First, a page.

The War of the Worlds (1953)

BLU-RAY REVIEW: 

Criterion;
Sci-Fi;
$29.95 DVD, $39.95 Blu-ray;
Not rated.
Stars Gene Barry, Ann Robinson, Les Tremayne, Bob Carnthwaite, Lewis Martin.

Producer George Pal’s 1953 adaptation of H.G. Wells’ The War of the Worlds is such a seminal film in the history of science-fiction that it’s practically a requirement for any self-respecting fan of the genre to include in their collection.

Surprisingly, however, the film hadn’t been released on Blu-ray until this gorgeous new edition from the Criterion Collection, sourced from a 2018 restoration of the film prepared by Paramount for digital release. The project included a massive clean-up of the original film elements plus the creation of a new 5.1 audio track by legendary sound engineer Ben Burtt.

The film itself took quite a long time to make it to the big screen — nearly 30 years — as the project kept passing from one noted director to the next. By the time it ended up with George Pal, one of the most notable British producers of the day, and director Byron Haskin, the story had been tweaked from an invasion of Victorian England as in Wells’ original text to a contemporary (for the time) setting and an initial landing near Los Angeles (Orson Welles’ 1938 radio version had similarly updated the story for the times, with the landing taking place in New Jersey). The 1950s setting aligned the film with the paranoia of nuclear war and the burgeoning Cold War.

As a result, the film became a major hit for Paramount and one of the most influential sci-fi movies ever made, achieving a scope for the day that dared other movies to top it.

Surprisingly, the film’s run time is only 85 minutes, a brisk pace that encompasses a recap of both world wars, a quick tour of the planets of the solar system and why the Martians would choose Earth, the crash landing of the Martian craft and call to the top human scientists to study it, deployment of the military in response to the alien ships emerging and attacking everything they see, a sojourn into a local farmhouse that the aliens explore, a feckless nuclear strike against the aliens, a full-scale attack on the world’s cities by the alien ships, and the aliens suddenly dying due to their lack of immunity to Earth bacteria, the key plot twist taken straight from Wells’ book (and apologies for the spoilers to anyone so far behind on the times they didn’t already know that).

The film’s Oscar-winning visual effects are so iconic in their depiction of the attacks that the template was preserved almost precisely for later remakes such as 1996’s Independence Day, which upped the scope of the landmarks it was able to take out, but continued the tradition of updating the setting to modern times, as did Steven Spielberg’s 2005 version.

One key advantage of the restoration was the return of the original three-strip Technicolor process to render the final image. Over the years, Paramount began replicating the film using inferior but more cost-effective Eastman color prints, resulting in color degradation and making it much easier to see the piano wires holding up the floating alien ships (plainly visible in the 2005 DVD edition of the film). The new restoration restores the proper color balance that obscures the wires, if not hide them completely. Using computer effects to erase the wires altogether was ruled out by the restoration team, according to the bonus materials, because they wanted to stay true to depicting the filmmaking techniques of the time.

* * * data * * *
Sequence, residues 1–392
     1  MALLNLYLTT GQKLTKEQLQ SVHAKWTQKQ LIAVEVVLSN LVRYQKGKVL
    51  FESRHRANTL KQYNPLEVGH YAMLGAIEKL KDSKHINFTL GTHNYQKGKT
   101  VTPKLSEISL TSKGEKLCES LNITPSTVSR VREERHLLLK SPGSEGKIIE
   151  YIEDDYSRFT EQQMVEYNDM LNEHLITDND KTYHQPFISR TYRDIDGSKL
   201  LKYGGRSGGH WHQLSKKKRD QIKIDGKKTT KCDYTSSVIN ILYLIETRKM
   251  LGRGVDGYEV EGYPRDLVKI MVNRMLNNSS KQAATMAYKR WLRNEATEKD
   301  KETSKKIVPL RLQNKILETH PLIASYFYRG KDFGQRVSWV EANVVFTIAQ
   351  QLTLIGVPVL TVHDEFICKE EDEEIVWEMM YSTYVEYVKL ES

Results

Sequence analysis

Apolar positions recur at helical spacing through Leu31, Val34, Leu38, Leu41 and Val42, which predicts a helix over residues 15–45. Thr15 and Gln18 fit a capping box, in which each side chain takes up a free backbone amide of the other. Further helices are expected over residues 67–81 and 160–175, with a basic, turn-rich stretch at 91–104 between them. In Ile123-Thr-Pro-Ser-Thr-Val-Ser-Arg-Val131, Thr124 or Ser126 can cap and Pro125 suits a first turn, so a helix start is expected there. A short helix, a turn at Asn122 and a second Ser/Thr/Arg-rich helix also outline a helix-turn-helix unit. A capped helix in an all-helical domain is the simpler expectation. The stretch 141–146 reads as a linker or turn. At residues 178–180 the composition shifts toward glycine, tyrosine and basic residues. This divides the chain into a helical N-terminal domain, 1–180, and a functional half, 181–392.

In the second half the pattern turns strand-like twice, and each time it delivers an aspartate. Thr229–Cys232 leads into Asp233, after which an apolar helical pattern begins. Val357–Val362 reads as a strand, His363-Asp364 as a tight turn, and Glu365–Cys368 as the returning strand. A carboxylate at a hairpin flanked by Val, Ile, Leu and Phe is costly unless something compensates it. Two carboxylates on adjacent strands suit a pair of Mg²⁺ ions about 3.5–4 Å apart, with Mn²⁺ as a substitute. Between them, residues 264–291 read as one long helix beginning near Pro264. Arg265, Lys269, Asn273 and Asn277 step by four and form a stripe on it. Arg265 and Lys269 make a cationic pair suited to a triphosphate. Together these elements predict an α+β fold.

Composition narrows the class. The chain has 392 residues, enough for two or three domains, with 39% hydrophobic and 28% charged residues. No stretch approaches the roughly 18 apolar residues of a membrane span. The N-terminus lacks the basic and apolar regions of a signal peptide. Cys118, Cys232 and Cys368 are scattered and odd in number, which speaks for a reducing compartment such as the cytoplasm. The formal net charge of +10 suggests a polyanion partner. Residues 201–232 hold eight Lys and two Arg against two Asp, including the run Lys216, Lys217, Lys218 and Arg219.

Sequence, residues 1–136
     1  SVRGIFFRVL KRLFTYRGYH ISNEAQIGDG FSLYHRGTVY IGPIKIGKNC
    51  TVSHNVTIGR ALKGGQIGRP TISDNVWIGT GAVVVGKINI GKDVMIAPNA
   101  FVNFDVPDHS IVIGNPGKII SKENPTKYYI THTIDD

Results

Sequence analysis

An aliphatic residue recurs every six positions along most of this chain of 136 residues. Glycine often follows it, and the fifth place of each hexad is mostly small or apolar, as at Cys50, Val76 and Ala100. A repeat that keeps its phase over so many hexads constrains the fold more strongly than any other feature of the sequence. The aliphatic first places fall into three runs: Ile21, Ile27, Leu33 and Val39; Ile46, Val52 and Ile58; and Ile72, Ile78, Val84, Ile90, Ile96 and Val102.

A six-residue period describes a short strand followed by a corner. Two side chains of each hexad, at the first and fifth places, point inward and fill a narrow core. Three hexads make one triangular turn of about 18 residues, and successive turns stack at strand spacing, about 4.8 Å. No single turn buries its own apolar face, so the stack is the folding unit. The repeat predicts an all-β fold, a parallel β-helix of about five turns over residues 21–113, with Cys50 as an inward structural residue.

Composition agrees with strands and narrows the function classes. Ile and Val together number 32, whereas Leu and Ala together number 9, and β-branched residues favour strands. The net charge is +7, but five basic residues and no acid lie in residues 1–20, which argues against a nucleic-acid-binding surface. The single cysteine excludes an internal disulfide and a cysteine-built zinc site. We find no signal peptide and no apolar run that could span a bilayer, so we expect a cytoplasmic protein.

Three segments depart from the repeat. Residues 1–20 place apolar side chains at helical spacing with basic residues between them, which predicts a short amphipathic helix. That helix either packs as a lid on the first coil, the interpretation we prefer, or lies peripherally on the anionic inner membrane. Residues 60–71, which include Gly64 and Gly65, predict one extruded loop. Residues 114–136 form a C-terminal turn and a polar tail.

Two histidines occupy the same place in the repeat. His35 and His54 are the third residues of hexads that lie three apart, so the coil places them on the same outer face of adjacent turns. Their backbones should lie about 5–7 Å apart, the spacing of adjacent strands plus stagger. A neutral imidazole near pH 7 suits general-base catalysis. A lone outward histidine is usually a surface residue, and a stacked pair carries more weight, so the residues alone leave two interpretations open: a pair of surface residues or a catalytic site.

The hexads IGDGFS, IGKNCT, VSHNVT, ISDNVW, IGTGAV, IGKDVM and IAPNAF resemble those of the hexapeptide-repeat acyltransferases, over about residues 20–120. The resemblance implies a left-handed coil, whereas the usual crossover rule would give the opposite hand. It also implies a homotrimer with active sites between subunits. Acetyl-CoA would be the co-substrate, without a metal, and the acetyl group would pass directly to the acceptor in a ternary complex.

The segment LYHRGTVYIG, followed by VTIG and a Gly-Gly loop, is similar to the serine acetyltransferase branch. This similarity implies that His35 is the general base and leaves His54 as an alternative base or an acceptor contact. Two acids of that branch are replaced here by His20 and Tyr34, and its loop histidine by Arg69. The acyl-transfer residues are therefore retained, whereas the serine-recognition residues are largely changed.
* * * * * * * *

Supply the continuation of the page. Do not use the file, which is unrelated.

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The effects, which might seem quaint now, were revolutionary for the time, using a mix of miniature sets and early bluescreen mattes. The model work allows for some impressive shots of alien fleets floating through the streets of Los Angeles. The bluescreen work is a bit less effective, leaving the ships looking somewhat transparent and standing out against the backdrops. Many of these process shots have at least been cleaned up by the HD transfer.

Almost as big an improvement is the 5.1 audio mix, which just provides a booming sound showcasing all of the film’s iconic sound effects. It’s a much fuller audio experience than the original monaural track, which also is included.

In terms of extras, the Criterion edition offers a healthy mix of new and old, but doesn’t quite offer everything that was previously released.

Among the new extras are a 21-minute featurette about the restoration process, as well as a 30-minute featurette about the history of the film’s visual and audio effects, which even includes a demonstration of re-creating the sound effects to complete a visual effects outtake from the original film.

Another section of the extras includes the original audio broadcast of the Orson Welles’ War of the Worlds radio drama, plus a fascinating 24-minute 1940 audio interview between Welles and H.G. Wells, in which they plus Citizen Kane and discuss the potential for America to enter World War II.

Another bit of archival audio contains excerpts of a George Pal Q&A at the American Film Institute in 1970.

Carried over from the old DVD includes a commentary with filmmaker Joe Dante, film historian Bob Burns and writer Bill Warren. There’s also the 2005 documentary “The Sky is Falling,” a 30-minute retrospective about the making of the film.

Not included from the 2005 DVD are a commentary with stars Gene Berry and Ann Robinson, and a featurette about H.G. Wells’ influence on science-fiction. So collectors might want to hold onto their old DVDs if they still want those extras.